The Utah Jazz beat the New Orleans Pelicans, 115-104, on Monday night on the road to rebound from their Saturday night loss to the Golden State Warriors.
- There were different players for the Jazz that stepped up throughout the game, but Donovan Mitchell was absolutely a leader for the Jazz in the fourth quarter, scoring 15 of his 29 points in the period. I know that his confidence and his precision in the fourth quarter on the offensive end is what provides the most highlights and what stood out on the eye test on Monday, but I think that Mitchell’s defense against the Pelicans deserves a lot of praise too. His effort on the defensive side kept them in the game when the shots weren’t falling early on and gave the Jazz deflections, forced turnovers, and stalled the Pelicans on multiple occasions. He finished the night with five assists and three rebounds to go with three steals and a block.
- As I said, it was a different guy stepping up at each point in the game. Mike Conley was on a triple-double watch after the first half, Jordan Clarkson was at one point the only guy that could find the bottom of the net, and in the third quarter it was Bojan Bogdanovic who was crashing the boards and running around all over the place contesting shots and then making shots of his own on the other side.
- Speaking of shooting, the Jazz have had quite a few nights where one guy has it and the others don’t, but on Monday they closed out the game with five players who shot the ball above 40% from 3-point range.
“It starts with the running for us. It’s not like the Lakers and Showtime, where we’re running for layups and dunks. But we’ve got to run in order to create space so that we can play in a larger space where our quickness and our shooting — that combination — can can give us an advantage.” — Jazz head coach Quin Snyder
- Good defensive position after a shot goes up is so much more valuable than we probably talk about. The Jazz are incredibly dependent on their ability to run and to get out in the open court and in order to do so they have to be a good rebounding team. They really worked in the second half to make a difference on the boards and it was often their position and their fight that made the difference in those moments.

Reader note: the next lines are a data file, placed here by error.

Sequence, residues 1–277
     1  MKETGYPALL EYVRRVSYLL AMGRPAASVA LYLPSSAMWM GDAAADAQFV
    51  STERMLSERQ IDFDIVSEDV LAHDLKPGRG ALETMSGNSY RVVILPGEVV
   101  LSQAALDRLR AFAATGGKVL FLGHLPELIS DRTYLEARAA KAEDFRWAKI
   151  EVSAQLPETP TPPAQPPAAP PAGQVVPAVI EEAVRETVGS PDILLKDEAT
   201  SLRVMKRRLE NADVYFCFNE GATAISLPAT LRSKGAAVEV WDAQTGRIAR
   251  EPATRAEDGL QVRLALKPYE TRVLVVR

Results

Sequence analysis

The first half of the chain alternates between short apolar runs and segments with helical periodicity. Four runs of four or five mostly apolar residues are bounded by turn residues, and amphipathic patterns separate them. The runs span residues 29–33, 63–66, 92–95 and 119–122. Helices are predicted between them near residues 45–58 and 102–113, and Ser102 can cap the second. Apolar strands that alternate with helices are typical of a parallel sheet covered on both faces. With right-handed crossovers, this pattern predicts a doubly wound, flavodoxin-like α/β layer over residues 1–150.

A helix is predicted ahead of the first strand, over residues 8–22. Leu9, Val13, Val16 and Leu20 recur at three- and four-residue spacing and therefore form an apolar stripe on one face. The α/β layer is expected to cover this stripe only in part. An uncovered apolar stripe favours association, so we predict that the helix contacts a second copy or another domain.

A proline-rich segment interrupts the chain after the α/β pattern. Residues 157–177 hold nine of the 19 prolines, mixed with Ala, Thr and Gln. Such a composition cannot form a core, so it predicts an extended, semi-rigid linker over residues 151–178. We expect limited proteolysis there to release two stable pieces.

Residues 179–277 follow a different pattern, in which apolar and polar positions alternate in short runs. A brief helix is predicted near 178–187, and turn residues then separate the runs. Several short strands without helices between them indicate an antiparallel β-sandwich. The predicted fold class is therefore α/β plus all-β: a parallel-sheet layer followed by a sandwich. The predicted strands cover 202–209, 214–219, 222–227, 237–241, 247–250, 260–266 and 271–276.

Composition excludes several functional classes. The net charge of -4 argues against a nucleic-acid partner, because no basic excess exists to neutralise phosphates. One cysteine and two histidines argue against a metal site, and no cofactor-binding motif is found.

“We just have to understand, it’s going to be hard for Mike Conley to get a rebound against (Jonas) Valanciunas. It’s going to be hard for Mike Conley and Donovan Mitchell to get a rebound against Valanciunas. But if Mike Conley and Donovan Mitchell and Bojan fight Valnciunas, we’ve got a chance to get a rebound. And that’s what I saw late, just everybody making an effort to be involved in a play, as opposed to guys watching and hoping someone else is going to get it.” — Jazz head coach Quin Snyder
- The Pelicans had to deal with some early foul trouble when Jonas Valanciunas went out in the first quarter after committing two fouls within the first three minutes of play. That could have been really advantageous for the Jazz except for the fact that Gobert picked up a fourth foul in the third quarter. Quin Snyder challenged the offensive foul that was Gobert’s fourth, but it was an unsuccessful challenge.
- As we’ve seen in multiple games now, the Jazz playing without a traditional center is seemingly more troublesome than many thought it would be when the Jazz picked up Rudy Gay in the offseason. Gay offers a level of versatility offensively that the Jazz haven’t seen, but the Jazz’s small-ball defense hasn’t really been up to par.
- The opposing broadcast team said that the best way to score on the Jazz is in transition because Rudy Gobert is not there to anchor the defense. They were preaching to the choir and when they pointed this out it was in the fourth quarter with the Pelicans mounting a comeback, as Gobert complained to the official, leaving Royce O’Neale to handle the fast break on his own. When has complaining to an official after a miss ever made a difference other than costing you buckets on the other end? I know, I’m a broken record, but at this point, I’ll just continue to point it out until the Jazz can get it under control.